With Ali al-Fadhily
BAGHDAD - The decision of the giant engineering company Bechtel to withdraw
from Iraq has left many Iraqis feeling betrayed. In its departure they see the
end of remaining hopes for the reconstruction of Iraq.
"It is much worse than in the time of Saddam Hussein," Communist
Party member Nayif Jassim told IPS. "Most Iraqis wish Saddam would be back
in power now that they lived out the hardships of the occupation. The Americans
did nothing but loot our oil and kill our people."
Bechtel, whose board members have close ties to the Bush administration, announced
last week that it was done with trying to operate in the war-torn country. The
company has received $2.3 billion of Iraqi reconstruction funds and U.S. taxpayer
money, but is leaving without completing most of the tasks it set out to.
On every level of infrastructure measurable, the situation in Iraq is worse
now than under the rule of Saddam Hussein. That includes the 12 years of economic
sanctions since the first Gulf War in 1991, a period that former UN humanitarian
coordinator for Iraq Dennis Halliday described as "genocidal" for
The average household in Iraq now gets two hours of electricity a day. There
is 70 percent unemployment, 68 percent of Iraqis have no access to safe drinking
water, and only 19 percent have sewage access. Not even oil production has matched
The security situation is hellish, with a recent study published in the prestigious
British medical journal Lancet estimating 655,000 excess deaths in Iraq
as a result of the invasion and occupation.
The group Medact recently said that easily treatable conditions such as diarrhea
and respiratory illness are causing 70 percent of all child deaths, and that
"of the 180 health clinics the U.S. hoped to build by the end of 2005,
only four have been completed and none opened."
A proposed $200 million project to build 142 primary care centers ran out of
cash after building just 20 clinics, a performance that the World Health Organization
described as "shocking."
Iraqis are complaining louder now than under the sanctions. Lack of electricity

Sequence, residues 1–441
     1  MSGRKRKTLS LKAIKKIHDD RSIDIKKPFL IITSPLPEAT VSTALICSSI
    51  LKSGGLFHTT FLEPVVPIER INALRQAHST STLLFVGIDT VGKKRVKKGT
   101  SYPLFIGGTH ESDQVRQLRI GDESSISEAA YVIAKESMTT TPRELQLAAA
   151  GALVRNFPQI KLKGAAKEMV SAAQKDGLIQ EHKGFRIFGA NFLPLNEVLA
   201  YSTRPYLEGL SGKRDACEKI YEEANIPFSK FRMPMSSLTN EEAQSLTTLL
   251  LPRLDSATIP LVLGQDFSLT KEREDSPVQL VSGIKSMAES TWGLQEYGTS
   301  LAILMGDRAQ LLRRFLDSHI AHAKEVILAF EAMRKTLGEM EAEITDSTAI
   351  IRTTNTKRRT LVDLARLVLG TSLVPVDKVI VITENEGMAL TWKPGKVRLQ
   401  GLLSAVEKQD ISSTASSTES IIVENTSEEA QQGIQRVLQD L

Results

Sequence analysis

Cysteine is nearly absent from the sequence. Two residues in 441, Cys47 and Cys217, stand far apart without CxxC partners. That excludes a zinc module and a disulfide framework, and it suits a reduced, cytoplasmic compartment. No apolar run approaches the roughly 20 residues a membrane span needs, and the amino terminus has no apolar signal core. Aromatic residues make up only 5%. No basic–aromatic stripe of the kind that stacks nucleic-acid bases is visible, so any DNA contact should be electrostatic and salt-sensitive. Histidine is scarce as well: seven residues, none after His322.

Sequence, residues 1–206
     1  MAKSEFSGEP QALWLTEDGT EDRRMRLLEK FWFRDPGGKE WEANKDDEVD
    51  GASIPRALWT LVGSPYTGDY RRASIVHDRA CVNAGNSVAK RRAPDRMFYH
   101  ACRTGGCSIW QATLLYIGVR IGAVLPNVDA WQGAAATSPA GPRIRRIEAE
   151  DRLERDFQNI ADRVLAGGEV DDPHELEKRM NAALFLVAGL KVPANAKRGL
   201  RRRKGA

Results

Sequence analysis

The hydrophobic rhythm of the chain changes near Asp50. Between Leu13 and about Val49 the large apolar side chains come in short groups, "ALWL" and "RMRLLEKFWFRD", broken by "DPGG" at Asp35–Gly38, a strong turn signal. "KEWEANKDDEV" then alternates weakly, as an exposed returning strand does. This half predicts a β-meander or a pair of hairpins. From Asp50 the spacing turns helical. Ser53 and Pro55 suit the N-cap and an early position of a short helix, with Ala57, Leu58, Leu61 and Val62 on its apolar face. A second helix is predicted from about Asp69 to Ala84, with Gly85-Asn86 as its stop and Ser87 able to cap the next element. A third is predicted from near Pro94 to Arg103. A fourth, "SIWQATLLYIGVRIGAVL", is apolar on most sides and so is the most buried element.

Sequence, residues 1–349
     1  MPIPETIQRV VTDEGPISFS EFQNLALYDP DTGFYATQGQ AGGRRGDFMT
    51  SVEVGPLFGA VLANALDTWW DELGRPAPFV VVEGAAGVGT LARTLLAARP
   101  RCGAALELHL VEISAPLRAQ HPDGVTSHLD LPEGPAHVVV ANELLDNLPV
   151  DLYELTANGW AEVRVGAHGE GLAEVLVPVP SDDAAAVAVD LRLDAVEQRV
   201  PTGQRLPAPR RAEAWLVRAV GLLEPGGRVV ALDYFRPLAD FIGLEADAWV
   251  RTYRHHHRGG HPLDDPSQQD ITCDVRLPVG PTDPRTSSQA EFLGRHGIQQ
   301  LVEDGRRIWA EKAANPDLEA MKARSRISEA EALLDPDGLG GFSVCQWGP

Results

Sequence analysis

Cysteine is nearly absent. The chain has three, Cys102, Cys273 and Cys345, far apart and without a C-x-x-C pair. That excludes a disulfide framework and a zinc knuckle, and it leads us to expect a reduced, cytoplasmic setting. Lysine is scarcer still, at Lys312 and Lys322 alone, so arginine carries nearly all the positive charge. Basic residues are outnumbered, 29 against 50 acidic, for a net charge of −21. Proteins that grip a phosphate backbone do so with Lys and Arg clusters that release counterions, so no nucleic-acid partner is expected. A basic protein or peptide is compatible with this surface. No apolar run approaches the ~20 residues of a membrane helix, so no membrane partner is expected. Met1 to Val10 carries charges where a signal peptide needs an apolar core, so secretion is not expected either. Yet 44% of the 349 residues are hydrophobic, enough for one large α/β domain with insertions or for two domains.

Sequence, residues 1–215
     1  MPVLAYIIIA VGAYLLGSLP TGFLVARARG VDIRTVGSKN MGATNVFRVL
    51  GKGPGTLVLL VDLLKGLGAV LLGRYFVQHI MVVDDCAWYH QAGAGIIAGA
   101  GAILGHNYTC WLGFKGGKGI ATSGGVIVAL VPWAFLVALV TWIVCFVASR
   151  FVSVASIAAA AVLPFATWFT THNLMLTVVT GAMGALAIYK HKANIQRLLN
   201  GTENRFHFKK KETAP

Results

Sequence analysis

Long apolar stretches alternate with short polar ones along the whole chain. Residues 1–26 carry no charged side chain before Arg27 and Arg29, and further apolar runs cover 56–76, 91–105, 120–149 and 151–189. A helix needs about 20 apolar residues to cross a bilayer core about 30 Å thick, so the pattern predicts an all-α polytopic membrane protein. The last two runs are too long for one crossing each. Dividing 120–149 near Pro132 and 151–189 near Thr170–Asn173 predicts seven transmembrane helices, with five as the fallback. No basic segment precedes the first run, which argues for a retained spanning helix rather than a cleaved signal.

has led to increasing demand for gasoline to run generators. And gasoline is
among the most scarce commodities in this oil-rich country.
"We inherited an exhausted electricity system in generating stations and
distributing nets, but we were able to supply 50 percent of consumer demand
during heavy load periods, and more than that during ordinary days," an
engineer with the Ministry of Electricity told IPS.
"The situation now is much worse, and it seems not to be improving despite
the huge contracts signed with American companies. It is strange how billions
of dollars spent on electricity brought no improvement whatsoever, but in fact
worsened the situation."
The engineer said "we in the ministry have not received any real equipment
for our senior stations, and the small transformers for the distributing nets
were of very low standard."
Bechtel's contract included reconstruction of water treatment systems, electricity
plants, sewage systems, airports, and roads.
Two former Iraqi ministers of electricity were charged with corruption by the
Iraqi Commission of Integrity set up under the occupation. One of them, Ayham
al-Samarraii, was sentenced to jail but was taken away by his U.S. security
guards. He insisted that it was not he who looted the ministry's money.
Managers at water departments all over Iraq say that the only repairs they
managed were through UN offices and humanitarian aid organizations. The ministry
provided them with very little chlorine for water treatment. New projects were
no more than simple maintenance moves that did little to halt collapsing infrastructure.
Bechtel was among the first companies, along with Halliburton, where U.S. Vice
President Dick Cheney once worked, to have received fixed-fee contracts drawn
to guarantee profit.
Ahmed al-Ani who works with a major Iraqi construction contracting company
says the model Bechtel adopted was certain to fail.
"They charged huge sums of money for the contracts they signed, then they
sold them to smaller companies who resold them again to small inexperienced
Iraqi contractors," Ani told IPS. "These inexperienced contractors
then had to execute the works badly because of the very low prices they get,
and the lack of experience."
Some Iraqi political analysts, rather optimistically, look at Bechtel's departure
from a different angle.
"I see the beginning of a U.S. withdrawal from Iraq," Maki al-Nazzal
told IPS. "It started with Bechtel and Halliburton's propaganda, and might
end with their escape from the field. They came with Bremer and introduced themselves
as heroes and saviors who would bring prosperity to Iraq, but all they did was
market U.S. propaganda."
U.S. President George W. Bush told reporters on a visit to Iraq last June:
"You can measure progress in megawatts of electricity delivered. You can
measure progress in terms of oil sold on the market on behalf of the Iraqi people."
By his standards, the position in Iraq is now much worse.
(Inter Press Service)